General Mark Milley, the Chairman of the Joint Chiefs of Staff, has been at the center of an extraordinary revelation about making sure Donald Trump did not launch a nuclear attack in the new book "Peril" from journalists Bob Woodward and Robert Costa.
According to "Peril," which will be released next week, Milley was so worried about Trump’s mental condition in the final months of his administration that he twice phoned officials in China to offer reassurances, and even reiterated to his immediate staff the strict procedures surrounding launching a nuclear attack.
Milley, who was appointed as the Chairmen of the Joint Chiefs of Staff in October 2019 under President Trump and remains in the role under President Biden, has a Boston Irish background through and through.
"My heart’s always in Boston,” Milley told the Boston Globe after being appointed Army chief of staff in 2015.
Pointing to his upbringing in Winchester, Massachusetts, Milley said at the time that he felt the support of “a very patriotic, close-knit, small Irish and Italian community.”
Milley has carried that support with him through his illustrious career in the US Army for which he has received several awards, including four Bronze Star Medals.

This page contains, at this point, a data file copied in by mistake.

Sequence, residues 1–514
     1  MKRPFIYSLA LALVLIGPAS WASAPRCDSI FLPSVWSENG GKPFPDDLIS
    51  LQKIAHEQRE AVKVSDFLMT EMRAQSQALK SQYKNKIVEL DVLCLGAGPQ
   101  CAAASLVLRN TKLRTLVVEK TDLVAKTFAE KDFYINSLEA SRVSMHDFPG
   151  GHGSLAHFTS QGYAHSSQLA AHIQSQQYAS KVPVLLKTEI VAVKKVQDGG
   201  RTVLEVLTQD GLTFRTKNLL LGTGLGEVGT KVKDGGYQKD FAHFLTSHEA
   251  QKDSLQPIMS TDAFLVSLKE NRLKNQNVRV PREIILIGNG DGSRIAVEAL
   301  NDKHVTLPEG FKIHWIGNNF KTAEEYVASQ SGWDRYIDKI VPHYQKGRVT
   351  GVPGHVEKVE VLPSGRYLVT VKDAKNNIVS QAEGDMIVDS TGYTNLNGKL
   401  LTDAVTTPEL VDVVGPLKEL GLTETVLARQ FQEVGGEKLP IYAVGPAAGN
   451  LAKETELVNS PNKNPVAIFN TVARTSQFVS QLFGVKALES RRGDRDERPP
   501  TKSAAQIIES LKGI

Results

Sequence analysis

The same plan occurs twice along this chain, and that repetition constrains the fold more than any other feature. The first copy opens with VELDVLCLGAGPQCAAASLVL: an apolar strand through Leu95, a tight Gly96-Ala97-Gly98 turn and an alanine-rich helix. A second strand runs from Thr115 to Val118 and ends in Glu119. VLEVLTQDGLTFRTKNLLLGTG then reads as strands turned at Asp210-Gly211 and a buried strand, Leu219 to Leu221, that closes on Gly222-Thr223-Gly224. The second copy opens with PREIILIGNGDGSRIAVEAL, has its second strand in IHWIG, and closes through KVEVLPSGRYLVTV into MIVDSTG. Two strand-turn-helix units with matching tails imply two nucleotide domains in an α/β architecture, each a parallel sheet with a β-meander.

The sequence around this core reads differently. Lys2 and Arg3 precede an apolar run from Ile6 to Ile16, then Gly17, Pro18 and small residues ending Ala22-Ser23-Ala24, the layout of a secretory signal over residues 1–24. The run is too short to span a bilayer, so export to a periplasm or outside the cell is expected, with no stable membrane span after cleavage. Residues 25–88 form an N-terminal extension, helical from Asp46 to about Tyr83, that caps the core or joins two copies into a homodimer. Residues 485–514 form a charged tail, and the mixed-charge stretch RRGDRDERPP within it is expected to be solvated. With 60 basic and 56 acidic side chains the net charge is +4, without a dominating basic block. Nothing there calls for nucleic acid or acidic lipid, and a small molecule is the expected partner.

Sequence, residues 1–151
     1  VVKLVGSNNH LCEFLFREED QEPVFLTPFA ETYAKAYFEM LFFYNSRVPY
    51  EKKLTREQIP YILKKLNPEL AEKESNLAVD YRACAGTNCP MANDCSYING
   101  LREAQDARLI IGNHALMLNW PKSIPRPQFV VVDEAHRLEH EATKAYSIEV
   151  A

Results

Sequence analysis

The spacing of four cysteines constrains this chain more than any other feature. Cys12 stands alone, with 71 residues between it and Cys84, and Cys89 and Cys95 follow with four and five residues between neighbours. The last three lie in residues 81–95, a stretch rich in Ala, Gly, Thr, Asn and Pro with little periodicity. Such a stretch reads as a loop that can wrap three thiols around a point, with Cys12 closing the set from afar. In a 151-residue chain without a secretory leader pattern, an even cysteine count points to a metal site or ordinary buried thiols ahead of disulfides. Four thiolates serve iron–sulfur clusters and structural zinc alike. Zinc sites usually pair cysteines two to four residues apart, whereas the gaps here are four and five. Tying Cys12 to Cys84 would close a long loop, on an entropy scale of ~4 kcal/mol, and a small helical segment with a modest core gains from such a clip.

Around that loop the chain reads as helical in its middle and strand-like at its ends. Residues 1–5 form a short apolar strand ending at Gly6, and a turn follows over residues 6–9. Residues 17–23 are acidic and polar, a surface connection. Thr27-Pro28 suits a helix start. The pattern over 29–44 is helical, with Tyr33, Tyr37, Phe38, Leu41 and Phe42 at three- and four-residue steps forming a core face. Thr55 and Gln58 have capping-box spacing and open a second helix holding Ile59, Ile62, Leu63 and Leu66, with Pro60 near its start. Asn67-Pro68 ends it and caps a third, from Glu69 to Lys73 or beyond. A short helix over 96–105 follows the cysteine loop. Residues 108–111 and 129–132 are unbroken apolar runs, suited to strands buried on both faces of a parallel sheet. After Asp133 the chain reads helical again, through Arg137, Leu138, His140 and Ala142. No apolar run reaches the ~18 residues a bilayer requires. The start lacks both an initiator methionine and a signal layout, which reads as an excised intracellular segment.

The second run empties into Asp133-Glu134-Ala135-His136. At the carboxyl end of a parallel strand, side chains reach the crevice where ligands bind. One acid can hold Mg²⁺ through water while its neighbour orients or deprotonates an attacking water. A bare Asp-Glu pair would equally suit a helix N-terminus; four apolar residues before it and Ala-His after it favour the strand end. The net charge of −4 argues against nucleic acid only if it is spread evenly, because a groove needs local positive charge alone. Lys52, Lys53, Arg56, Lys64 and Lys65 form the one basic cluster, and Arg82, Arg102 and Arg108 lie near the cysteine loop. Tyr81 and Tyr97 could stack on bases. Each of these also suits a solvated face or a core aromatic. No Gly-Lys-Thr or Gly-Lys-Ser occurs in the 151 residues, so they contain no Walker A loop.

As it happens, Milley has the support of another Irish American in the wake of the revelations in the forthcoming "Peril" - that of President Biden.
"I have great confidence in General Milley," Biden told a reporter who asked if he believed Milley "did the right thing" after the revelations were published this week.
Reporter: "Did General Milley do the right thing, sir?"
President Biden: "I have great confidence in General Milley." pic.twitter.com/unEzAYXIJl— The Hill (@thehill) September 15, 2021
The Irish name Milley was originally written in a Gaelic form as O Maolmhuaidh, which is derived from the word "muadh," which has the dual meaning of "noble" and "big and soft."
There is nothing soft about Milley however, as recent events have shown. His duty, as he always said, was to the Constitution, not to any particular president. He may well have stopped something very bad from happening by his actions.